You may not know this but, as of this year, 65% of our students are preparing for careers that don’t even exist yet. While educators discuss the importance of adaptability. It’s also known as “future-ready” and “the future of work,” but the reality is that it’s largely uncertain. So how can we prepare students?
We do this by cultivating adaptability in the classroom.
The pandemic put students’ natural adaptability to the test as it shook up their learning environments with an overnight evolution of technology. The unpredictability of education last year was criticized despite heroic efforts of teachers and students to adapt quickly. It serves as a reminder of our students’ uncertainty when they look ahead to their futures – from kindergarten to senior year.
Building more skills in adaptability while they are students provides them with long-term benefits as they get older. It’s especially true when they need to pivot their skillsets or learn technology at a moment’s notice. This kind of necessary adaptability was felt by many teachers around the world and in multiple industries.
Teachers have a unique opportunity to build students’ confidence in softer skills like adaptability and resilience, which undoubtedly complement harder, professional skillsets.
It helps students adapt to new situations and develop new skills more quickly. Plus, adaptable students are more likely to have higher self-confidence and satisfaction in their lives.
Teachers have a collective responsibility to prepare their students to embrace and adapt to challenge and change. To better prepare them for the future of work, we’ve collected a few of our favorite strategies for fostering adaptability.
Adaptability and resilience go hand in hand! Resilience is the ability to overcome challenges positively. But it’s also a mindset that our students should develop early in life.
If something negatively impacts your student – whether it’s falling behind on grades or not getting into the college they were hoping for – they’ll rely on their resilience. It will help them find creative ways to push forward and improve. This skill will be incredibly beneficial to your students in a world where technology changes on a dime.
Teachers can help to foster this by encouraging them to find creative solutions to their problems and provide a safe environment to explore new ideas.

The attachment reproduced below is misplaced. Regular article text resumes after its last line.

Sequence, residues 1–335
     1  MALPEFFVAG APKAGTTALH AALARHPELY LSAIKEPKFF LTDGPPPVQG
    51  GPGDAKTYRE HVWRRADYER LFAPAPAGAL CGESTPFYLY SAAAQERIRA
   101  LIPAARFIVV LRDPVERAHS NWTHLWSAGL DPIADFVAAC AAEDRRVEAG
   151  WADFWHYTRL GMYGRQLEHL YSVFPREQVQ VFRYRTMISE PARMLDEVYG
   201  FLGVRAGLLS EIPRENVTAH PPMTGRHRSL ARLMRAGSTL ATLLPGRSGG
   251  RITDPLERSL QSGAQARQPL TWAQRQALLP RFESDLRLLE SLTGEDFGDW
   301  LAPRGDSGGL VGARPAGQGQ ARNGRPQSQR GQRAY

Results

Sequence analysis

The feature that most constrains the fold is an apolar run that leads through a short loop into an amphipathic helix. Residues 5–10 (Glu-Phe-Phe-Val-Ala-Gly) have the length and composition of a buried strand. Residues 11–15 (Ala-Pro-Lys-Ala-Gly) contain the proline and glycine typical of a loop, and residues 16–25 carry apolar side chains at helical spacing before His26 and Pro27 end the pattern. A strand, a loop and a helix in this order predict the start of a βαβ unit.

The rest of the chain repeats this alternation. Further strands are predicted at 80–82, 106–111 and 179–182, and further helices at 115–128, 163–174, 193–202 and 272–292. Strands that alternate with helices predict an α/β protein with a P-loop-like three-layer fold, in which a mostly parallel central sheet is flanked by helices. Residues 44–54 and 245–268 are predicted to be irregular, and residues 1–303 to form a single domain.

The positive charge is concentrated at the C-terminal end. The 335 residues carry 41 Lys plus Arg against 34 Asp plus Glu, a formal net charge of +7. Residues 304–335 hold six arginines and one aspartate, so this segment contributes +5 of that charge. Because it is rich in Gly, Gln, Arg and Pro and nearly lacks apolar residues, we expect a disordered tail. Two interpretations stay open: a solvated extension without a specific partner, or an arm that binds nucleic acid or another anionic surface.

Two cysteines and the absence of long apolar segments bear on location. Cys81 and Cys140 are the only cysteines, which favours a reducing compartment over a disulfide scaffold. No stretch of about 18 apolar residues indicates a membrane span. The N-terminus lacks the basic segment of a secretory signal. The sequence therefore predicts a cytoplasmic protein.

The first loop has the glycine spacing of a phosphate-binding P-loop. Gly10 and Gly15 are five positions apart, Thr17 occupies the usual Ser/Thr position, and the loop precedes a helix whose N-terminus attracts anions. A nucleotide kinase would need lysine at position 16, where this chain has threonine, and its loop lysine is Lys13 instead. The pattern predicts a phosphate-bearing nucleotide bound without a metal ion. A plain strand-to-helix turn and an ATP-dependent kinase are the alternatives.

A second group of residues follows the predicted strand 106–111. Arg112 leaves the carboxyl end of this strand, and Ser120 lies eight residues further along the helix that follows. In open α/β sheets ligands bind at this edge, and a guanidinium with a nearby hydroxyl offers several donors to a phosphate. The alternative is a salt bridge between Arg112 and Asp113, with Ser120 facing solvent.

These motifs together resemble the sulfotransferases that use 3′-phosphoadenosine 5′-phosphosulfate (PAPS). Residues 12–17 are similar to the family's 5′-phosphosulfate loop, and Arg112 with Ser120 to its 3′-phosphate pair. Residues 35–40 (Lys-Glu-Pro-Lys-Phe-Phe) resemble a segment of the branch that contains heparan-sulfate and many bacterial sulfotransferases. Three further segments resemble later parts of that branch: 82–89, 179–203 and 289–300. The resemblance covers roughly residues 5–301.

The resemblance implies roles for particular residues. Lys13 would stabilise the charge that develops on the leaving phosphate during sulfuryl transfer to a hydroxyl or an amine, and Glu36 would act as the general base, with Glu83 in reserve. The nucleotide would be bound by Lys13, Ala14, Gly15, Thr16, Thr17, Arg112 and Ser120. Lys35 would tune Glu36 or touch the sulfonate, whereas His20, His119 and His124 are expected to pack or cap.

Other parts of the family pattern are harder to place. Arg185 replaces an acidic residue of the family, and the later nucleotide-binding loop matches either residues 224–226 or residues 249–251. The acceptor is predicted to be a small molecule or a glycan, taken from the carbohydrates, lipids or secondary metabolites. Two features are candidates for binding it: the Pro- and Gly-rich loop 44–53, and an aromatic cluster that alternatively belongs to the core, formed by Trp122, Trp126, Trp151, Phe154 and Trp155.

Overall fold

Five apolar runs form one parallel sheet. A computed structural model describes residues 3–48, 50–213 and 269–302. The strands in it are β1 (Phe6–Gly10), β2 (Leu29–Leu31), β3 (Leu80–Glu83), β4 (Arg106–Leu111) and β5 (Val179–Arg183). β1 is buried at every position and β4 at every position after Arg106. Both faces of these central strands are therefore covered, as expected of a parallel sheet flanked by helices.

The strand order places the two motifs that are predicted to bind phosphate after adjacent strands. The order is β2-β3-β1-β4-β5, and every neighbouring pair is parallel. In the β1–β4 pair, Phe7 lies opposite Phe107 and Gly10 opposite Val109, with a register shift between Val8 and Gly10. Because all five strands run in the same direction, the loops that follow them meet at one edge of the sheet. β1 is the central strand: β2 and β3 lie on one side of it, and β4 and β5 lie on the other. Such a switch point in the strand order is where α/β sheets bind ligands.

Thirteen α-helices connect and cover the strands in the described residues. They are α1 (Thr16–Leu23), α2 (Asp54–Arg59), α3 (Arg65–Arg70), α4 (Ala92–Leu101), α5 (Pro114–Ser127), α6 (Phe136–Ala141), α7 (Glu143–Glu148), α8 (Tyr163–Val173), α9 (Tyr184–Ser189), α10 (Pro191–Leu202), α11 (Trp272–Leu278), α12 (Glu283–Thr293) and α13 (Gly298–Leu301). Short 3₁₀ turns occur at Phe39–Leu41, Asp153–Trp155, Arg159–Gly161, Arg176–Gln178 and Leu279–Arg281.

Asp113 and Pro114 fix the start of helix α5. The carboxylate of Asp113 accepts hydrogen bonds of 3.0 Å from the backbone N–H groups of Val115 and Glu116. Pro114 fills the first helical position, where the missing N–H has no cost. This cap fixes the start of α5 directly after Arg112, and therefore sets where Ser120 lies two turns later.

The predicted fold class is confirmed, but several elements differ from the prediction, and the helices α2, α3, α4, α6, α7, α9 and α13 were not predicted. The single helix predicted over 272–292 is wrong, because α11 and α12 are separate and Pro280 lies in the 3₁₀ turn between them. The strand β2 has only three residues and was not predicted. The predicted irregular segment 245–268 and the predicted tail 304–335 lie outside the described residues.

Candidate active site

As they grow into adulthood, students will need to learn how to manage their emotional thinking, especially when facing challenges.
Adaptability is a teachable skill that gives them the ability to handle unexpected situations without evident frustration. In addition, teachers can reinforce this skill by educating students on setting achievable goals, scaffolding, and other classroom activities.
Dispel the Fear of Failure
No one likes to fail, and for many people, the idea of failure is devastating. It can be debilitating for students and adults alike. However, there is always the risk of failing when a situation starts to change. Fear of the unknown and not wanting to do something that won’t be as successful as keeping the status quo.
But it’s important to remember – and teach students from a young age – that success comes from failing and learning from it. Educators can teach this through recognizing effort, building community among peers, asking questions, taking risks, and self-reflection.
By not being afraid of failure, students will be more motivated to learn and find exciting solutions to changes in an uncertain future.
Encourage Continuous Learning
Learning and developing new skills is something we experience throughout our lives, but when applied to a future workspace where change is rampant, this willingness to know is what keeps you a few steps ahead.
Teachers can build this excitement for education with their students by indulging their curiosity and even displaying their enthusiasm in a subject. In addition, taking the metrics of education can often encourage students to see a lesson in a new light.
Adaptability is something that they will carry with them throughout their lives and help foster critical thinking and creative problem-solving.
It’s not possible to prepare students for every eventuality, but educators can foster adaptive skills. They can also teach students how to respond to challenging, changing situations in positive ways. With adaptability, students will grow into adulthood able to keep pace with unexpected situations and find professional success.